Oxidative stress and Nrf2 signaling in McArdle disease Academic Article uri icon

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abstract

  • McArdle disease (MD) is a metabolic myopathy due to myophosphorylase deficiency, which leads to a severe limitation in the rate of adenosine triphosphate (ATP) resynthesis. Compensatory flux through the myoadenylate deaminase > > xanthine oxidase pathway should result in higher oxidative stress in skeletal muscle; however, oxidative stress and nuclear factor erythroid 2-related factor 2 (Nrf2) mediated antioxidant response cascade in MD patients have not yet been examined. We show that MD patients have elevated muscle protein carbonyls and 4-hydroxynonenal (4-HNE) in comparison with healthy, age and activity matched controls (P < 0.05). Nuclear abundance of Nrf2 and Nrf2-antioxidant response element (ARE) binding was also higher in MD patients compared with controls (P < 0.05). The expressions of Nrf2 target genes were also higher in MD patients vs. controls. These observations suggest that MD patients experience elevated levels of oxidative stress, and that the Nrf2-mediated antioxidant response cascade is up-regulated in skeletal muscle to compensate.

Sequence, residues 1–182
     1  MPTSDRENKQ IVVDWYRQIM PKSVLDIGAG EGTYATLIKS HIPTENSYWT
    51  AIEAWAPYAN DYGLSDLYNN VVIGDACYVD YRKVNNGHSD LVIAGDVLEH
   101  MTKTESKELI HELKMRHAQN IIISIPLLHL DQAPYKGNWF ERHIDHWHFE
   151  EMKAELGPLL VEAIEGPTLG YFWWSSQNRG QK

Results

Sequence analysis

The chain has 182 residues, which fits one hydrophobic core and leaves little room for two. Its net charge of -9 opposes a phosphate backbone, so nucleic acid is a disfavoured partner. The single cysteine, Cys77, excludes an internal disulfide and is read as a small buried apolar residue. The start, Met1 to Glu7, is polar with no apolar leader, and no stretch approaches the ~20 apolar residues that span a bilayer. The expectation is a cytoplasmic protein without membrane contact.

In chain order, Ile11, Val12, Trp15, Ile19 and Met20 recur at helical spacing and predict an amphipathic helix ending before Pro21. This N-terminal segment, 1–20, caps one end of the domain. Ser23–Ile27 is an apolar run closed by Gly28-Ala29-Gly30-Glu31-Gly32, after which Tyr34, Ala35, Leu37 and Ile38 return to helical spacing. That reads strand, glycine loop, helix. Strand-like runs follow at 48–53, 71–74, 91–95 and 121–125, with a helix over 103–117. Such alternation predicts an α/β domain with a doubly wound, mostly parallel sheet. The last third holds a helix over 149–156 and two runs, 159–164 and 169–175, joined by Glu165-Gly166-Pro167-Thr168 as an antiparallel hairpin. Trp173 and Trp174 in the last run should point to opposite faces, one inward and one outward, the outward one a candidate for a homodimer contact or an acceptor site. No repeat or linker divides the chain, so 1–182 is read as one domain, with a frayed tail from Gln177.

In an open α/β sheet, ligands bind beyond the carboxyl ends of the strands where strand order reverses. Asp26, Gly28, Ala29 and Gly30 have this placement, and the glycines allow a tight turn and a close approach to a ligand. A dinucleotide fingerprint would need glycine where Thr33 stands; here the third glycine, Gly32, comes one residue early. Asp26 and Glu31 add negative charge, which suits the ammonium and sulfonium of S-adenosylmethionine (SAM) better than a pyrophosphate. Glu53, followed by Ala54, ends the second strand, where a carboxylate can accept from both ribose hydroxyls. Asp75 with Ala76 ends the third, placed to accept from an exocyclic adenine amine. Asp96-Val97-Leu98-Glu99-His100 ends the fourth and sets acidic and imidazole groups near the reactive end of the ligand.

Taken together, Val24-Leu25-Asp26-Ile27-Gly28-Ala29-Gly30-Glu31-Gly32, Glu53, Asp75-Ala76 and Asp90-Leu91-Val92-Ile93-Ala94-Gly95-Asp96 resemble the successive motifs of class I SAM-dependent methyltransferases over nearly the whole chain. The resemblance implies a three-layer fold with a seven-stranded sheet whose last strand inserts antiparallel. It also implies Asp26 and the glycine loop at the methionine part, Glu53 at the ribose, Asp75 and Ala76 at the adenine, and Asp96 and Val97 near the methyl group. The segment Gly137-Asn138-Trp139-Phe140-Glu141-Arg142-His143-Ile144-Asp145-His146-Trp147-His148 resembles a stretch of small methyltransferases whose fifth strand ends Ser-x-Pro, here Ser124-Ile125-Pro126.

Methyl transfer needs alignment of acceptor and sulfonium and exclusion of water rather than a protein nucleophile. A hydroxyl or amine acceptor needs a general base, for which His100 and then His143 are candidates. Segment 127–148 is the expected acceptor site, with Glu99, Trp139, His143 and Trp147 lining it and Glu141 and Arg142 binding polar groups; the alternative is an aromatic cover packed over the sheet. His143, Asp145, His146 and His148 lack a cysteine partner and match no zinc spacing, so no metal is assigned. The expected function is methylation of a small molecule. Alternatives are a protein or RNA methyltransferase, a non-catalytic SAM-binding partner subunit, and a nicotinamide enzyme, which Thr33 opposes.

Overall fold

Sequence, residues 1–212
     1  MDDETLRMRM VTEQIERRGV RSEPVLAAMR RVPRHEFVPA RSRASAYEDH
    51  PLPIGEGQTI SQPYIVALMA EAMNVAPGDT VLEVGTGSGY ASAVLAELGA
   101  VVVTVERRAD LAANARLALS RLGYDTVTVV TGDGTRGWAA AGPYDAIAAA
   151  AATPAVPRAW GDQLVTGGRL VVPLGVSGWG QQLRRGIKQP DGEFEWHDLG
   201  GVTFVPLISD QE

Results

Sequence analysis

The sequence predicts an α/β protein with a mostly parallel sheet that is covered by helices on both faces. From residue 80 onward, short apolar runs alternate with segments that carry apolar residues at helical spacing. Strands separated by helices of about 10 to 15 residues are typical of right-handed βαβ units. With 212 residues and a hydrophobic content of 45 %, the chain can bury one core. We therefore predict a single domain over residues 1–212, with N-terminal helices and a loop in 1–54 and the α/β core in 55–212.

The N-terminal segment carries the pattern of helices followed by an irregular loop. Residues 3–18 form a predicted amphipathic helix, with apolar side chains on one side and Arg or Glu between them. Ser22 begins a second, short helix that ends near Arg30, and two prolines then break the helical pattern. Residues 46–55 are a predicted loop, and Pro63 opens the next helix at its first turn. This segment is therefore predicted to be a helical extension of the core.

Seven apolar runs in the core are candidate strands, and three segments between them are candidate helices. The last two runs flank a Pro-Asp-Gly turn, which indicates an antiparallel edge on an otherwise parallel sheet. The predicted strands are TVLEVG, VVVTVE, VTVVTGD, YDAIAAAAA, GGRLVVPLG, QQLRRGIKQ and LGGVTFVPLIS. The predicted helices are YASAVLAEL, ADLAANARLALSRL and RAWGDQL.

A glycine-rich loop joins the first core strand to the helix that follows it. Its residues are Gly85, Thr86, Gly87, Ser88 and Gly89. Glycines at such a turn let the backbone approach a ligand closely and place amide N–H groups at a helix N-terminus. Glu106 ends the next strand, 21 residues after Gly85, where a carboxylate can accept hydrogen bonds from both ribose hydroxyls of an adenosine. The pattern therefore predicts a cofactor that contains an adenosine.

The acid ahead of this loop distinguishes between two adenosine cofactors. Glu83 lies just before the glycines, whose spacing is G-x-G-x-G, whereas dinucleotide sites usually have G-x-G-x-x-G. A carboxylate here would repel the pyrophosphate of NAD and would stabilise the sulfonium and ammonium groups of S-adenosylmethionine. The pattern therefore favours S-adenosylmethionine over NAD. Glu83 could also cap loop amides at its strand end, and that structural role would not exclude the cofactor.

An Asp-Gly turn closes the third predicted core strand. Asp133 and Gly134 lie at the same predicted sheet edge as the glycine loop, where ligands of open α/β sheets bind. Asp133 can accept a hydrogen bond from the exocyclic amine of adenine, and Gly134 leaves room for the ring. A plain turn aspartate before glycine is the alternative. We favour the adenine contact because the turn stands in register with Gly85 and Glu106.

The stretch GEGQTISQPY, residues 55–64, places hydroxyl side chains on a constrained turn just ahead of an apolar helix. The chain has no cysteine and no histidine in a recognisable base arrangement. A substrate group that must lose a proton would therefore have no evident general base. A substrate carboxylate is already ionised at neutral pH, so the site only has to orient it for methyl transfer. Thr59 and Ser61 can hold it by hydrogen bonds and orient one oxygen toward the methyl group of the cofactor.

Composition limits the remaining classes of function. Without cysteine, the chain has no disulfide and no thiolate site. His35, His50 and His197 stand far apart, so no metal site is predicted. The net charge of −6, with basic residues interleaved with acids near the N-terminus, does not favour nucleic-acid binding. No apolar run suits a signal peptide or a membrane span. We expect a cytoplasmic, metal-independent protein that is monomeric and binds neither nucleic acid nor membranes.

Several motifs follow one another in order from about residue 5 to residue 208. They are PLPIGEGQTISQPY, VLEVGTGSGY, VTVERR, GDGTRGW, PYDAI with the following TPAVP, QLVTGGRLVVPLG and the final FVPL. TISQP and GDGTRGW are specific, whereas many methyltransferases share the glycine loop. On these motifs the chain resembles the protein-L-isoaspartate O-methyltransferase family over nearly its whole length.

authors

  • Kitaoka, Yu
  • Ogborn, Daniel I
  • Nilsson, Mats I
  • Mocellin, Nicholas J
  • MacNeil, Lauren G
  • Tarnopolsky, Mark

publication date

  • November 2013

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